Last November, with gold trading at $1,351 per ounce, I warned investors that gold could eventually drop below $500. With gold achieving new nominal highs, I challenged gold enthusiasts to refute my quantitative argument last week. One member of the CAPS community, Dave in Qatar (whereaminow), took up my challenge. Reflecting on some of the points he raised and updating my pricing model has solidified my conviction that gold is now overpriced by a factor of more than three.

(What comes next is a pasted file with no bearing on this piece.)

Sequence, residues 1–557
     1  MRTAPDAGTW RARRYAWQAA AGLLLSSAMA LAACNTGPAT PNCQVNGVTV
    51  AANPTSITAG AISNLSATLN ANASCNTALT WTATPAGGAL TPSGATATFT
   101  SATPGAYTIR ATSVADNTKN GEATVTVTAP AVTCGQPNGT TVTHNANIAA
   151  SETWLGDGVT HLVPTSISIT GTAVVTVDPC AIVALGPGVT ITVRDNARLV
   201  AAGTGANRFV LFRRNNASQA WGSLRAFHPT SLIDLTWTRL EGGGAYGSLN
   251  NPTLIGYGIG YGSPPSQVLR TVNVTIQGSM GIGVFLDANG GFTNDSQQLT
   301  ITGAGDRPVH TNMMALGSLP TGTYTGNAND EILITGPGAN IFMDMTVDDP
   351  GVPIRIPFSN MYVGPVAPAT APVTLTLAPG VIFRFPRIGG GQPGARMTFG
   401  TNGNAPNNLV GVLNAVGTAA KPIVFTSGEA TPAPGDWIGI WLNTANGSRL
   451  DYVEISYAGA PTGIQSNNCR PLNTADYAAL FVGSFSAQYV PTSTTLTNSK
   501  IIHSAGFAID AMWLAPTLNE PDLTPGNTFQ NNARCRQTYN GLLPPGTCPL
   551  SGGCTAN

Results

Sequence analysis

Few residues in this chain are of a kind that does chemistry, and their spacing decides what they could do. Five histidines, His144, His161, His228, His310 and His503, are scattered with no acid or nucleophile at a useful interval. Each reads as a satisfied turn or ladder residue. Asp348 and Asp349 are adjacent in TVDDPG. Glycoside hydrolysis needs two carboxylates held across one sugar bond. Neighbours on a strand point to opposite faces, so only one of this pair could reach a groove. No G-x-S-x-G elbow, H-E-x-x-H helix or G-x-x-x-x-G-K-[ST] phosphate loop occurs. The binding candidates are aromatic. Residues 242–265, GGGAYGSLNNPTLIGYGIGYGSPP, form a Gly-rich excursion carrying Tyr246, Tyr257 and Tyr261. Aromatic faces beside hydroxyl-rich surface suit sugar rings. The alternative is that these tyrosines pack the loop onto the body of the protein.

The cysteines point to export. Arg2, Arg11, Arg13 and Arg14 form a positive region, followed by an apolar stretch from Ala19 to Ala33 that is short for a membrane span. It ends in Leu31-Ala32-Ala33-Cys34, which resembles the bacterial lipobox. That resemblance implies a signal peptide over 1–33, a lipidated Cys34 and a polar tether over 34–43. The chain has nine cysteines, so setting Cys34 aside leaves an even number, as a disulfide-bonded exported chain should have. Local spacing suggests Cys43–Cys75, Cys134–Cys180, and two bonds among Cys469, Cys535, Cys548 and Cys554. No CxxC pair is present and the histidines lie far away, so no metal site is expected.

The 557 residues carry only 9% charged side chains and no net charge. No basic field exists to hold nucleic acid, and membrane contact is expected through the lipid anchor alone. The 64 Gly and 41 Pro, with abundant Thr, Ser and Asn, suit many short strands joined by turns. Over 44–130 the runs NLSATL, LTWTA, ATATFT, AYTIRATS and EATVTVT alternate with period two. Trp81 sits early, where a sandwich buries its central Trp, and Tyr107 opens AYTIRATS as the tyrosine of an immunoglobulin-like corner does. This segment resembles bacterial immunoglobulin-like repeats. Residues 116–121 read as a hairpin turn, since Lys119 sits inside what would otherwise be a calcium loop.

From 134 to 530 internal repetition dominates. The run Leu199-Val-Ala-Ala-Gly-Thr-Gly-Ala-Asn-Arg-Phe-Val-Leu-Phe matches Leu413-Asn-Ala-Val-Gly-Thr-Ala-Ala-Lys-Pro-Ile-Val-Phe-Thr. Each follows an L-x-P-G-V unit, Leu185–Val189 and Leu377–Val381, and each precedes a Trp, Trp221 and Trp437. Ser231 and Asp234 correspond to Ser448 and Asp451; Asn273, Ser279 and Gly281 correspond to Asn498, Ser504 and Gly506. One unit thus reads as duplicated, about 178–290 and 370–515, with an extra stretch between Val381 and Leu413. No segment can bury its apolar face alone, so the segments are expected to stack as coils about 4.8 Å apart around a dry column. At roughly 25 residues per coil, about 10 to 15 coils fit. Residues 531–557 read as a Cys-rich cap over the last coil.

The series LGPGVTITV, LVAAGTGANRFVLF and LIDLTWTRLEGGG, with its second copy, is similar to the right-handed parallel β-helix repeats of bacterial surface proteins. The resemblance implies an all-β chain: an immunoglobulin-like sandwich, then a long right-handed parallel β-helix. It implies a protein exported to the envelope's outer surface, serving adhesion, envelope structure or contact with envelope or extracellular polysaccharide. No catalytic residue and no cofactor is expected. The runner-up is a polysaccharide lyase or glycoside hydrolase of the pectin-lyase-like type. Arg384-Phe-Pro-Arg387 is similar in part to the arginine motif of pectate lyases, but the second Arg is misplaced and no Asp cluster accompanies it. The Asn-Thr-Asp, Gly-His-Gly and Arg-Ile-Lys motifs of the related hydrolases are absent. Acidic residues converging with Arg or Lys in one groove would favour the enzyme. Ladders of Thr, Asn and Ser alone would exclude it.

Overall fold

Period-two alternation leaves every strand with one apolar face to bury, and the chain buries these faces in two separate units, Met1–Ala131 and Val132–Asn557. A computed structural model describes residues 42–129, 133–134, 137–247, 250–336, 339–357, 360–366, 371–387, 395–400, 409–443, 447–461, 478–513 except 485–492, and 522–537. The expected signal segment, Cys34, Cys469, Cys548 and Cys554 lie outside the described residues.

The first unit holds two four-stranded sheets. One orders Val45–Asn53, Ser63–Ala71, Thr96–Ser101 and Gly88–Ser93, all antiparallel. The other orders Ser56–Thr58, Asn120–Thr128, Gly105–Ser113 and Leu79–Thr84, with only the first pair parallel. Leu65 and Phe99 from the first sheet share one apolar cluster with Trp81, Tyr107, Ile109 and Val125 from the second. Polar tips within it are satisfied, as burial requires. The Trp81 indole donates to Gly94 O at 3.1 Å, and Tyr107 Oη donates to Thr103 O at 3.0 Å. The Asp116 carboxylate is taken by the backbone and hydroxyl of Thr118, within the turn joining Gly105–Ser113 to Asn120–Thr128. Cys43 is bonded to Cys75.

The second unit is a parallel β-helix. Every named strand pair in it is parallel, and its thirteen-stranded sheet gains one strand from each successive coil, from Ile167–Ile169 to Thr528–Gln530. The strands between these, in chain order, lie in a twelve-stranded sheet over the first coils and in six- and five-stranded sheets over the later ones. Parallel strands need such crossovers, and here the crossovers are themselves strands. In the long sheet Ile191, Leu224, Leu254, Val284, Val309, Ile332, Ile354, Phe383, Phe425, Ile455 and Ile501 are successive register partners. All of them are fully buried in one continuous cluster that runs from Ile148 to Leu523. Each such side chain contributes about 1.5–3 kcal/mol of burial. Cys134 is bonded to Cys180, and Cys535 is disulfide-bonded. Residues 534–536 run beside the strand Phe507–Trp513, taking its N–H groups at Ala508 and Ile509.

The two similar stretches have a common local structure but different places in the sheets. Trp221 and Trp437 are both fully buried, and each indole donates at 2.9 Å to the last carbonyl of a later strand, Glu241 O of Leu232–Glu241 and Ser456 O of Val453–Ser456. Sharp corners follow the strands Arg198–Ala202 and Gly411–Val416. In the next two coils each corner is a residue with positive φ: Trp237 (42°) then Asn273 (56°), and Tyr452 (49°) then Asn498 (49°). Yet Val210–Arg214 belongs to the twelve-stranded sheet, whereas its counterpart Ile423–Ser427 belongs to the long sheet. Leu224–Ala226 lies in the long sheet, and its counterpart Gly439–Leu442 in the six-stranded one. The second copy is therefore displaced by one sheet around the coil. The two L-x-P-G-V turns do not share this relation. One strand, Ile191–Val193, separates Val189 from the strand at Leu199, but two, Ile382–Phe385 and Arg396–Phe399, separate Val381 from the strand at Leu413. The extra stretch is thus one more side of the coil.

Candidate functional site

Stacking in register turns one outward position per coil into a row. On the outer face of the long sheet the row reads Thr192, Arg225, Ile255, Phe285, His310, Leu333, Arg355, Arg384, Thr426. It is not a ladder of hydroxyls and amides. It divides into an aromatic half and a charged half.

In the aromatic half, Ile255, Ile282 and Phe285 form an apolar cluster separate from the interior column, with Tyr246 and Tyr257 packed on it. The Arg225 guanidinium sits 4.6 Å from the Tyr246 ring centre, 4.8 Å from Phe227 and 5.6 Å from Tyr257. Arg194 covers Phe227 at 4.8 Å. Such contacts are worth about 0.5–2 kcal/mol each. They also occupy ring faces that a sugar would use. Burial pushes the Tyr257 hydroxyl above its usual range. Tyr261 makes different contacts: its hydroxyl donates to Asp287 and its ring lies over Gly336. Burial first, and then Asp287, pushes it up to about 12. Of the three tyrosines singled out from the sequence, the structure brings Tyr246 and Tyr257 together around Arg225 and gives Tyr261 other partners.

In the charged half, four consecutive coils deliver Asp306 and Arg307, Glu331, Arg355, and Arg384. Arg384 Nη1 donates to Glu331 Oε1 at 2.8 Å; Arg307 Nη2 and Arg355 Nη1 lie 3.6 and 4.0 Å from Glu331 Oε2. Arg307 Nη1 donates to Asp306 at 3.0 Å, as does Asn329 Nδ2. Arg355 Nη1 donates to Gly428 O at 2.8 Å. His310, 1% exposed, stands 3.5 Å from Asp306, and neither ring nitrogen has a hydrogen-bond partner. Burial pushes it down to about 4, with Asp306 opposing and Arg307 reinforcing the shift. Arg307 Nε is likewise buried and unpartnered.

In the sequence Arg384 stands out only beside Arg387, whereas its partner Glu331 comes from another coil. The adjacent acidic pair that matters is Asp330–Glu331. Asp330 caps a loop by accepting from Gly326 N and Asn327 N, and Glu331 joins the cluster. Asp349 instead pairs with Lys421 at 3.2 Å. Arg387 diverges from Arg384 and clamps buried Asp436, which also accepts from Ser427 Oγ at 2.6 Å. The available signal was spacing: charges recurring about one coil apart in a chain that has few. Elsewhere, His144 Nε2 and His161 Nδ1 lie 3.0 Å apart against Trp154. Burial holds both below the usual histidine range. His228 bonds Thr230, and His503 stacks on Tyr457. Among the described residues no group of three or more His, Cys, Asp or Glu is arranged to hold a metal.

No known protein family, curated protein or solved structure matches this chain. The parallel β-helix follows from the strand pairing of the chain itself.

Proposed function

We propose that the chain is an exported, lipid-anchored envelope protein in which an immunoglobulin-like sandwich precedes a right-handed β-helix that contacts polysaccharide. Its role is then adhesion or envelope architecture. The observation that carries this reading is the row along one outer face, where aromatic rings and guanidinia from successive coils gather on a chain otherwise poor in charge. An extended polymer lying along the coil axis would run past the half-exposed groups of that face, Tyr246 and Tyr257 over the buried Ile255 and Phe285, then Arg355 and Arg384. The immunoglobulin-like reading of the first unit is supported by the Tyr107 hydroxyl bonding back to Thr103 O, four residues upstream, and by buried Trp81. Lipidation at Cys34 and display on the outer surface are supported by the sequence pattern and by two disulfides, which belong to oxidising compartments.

It's all about inflation
Gold enthusiasts -- including my challenger -- are always going on about the runaway growth in the money supply and they extrapolate wild price targets for gold on that basis. However, it makes more sense to focus on inflation, since that is what investors should be concerned with when they evaluate an asset as a store of value. In plain terms, nobody cares about the size of the money supply when they are spending accumulated savings. What they care about is whether their savings buys the same, fewer, or more goods and services than they used to. Why focus on a proximate cause (the money supply), when you have a measurable variable (inflation), which is exactly what you're after?

A fair price for gold: $475/ounce